has legal implications in cases of contraception, abortion, inheritance,
We have to be careful
about debates on the start of life. We need to ask ourselves what
is the purpose behind the debates? There are social problems of
an ethical nature that people want to solve by defining the start
of life. The interest is therefore not only legal but is also ethical
and moral. Once the point of start of life has been defined, then
it is possible to legalize any medical procedures involving feticide
provided they are done before the defined time. Trauma or any other
man-made cause of feotal death would be considered homicide only
if it occurred after the defined start of life. In a similar way,
a fetus would have rights of inheritance from the father if the
father died after the period of the defined start of life. In all
three cases the analysis is wrong. Life existed before and beyond
conception. Feticide is committed in societies that want to allow
sexual promiscuity unaccompanied by the responsibilities of child-bearing.
Any aggression to the body of a pregnant woman is to be punished
and should not be related to the life or non-life of the fetus.
It is justice that any offspring of the deceased inherit to be able
to have physical support. We can therefore conclude that the main
motivation for defining the start of life is to find is to escape
moral and social dilemmas. Islamic law and teachings provide adequate
measures for preventing these dilemmas.
The issues of the start
of life have not been studied by Muslims well. Study of sub-cellular
structures may reveal new relations and explanations. Such studies
also will clarify the boundary between the inorganic and organic
parts of the body and the relation between life and the organic.
The boundary between the world of the seen (alam al shahadat) and
the world of the unseen (aalam al ghaib) needs to be elucidated
in biological systems.
VALUE OF LIFE
Human life is a gift
from Allah ,ni’imat al hayat (p 1236 16:78, 67:23). Those who have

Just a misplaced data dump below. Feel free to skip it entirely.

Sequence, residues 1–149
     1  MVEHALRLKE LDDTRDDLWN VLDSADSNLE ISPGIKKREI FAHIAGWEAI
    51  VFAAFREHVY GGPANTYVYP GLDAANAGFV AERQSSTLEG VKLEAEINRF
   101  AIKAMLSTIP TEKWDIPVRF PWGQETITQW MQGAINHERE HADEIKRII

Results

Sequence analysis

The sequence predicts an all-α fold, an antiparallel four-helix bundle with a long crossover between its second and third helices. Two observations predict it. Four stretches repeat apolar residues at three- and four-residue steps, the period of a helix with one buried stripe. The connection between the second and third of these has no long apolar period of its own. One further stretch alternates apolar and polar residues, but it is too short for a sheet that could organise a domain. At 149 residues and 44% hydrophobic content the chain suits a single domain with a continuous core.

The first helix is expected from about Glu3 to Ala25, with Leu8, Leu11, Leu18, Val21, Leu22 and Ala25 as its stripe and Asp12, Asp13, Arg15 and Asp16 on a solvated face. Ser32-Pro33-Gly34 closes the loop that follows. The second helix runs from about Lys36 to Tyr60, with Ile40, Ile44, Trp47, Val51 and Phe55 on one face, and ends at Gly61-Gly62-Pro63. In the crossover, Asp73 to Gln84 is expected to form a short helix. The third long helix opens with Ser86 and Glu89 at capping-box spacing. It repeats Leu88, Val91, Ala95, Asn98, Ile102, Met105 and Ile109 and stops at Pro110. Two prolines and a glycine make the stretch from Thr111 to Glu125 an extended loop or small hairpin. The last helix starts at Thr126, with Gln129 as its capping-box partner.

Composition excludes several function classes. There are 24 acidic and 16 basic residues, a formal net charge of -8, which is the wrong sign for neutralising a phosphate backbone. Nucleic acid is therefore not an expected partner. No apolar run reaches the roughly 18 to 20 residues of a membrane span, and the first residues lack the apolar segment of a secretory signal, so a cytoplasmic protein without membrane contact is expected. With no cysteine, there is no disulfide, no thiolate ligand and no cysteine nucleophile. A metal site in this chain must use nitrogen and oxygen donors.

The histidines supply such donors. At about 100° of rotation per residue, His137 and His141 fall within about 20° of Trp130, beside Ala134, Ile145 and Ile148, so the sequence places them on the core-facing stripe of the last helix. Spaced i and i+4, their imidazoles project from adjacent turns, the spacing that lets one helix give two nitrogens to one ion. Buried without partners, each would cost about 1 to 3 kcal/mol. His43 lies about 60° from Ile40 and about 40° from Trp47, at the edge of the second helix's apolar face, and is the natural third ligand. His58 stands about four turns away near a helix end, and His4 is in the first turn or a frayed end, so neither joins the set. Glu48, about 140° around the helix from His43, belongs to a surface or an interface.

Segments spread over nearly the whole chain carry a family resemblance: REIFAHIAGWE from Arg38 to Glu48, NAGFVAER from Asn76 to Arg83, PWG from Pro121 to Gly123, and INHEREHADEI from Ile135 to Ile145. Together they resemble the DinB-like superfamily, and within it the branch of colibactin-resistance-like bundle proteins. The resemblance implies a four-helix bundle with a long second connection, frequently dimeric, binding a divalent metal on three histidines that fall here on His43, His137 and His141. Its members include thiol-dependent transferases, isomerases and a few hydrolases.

life are a select few. A fertilized ovum that eventually grows into
a human being is a very small statistical probability. One male
ejaculate has millions of sperms and only one of them succeeds in
fertilizing the female ovum. In many cases fertilized ova do not
grow into fetuses but are aborted early. Children are a bounty to
parents ni'mat al dhurtiyat (p 1239 3;38, 6:84, 14:39, 19:5-7, 19:19,
21:72, 21:90, 25:74, 29:27, 38:30, 42:49). Humans must be grateful
to Allah for the gift of life by worshipping Him (ibadat).
Each human has an inalienable
right to life from Allah (haqq al hayat). This life can not be taken
away or impaired by any human being except in cases of judicial
execution after due process of the law.
Life is sacred. The
sanctity of life (hurmat al hayat) is guaranteed by the Qur’an.
The life of each single individual whatever be his or her age, social
status or state of health is important and is as equally important
as the life of any other human (p 382 5:32). Protection of life
(‘ismat al hayat/hifdh al nafs) is the second most important purpose
of the shariat coming second only to the protection of the Deen.
It has priority over any other mundane consideration.
No material value can
be put on human life. Legal compensation for bodily damage or homicide
is replacement of lost earnings and not paying for the value of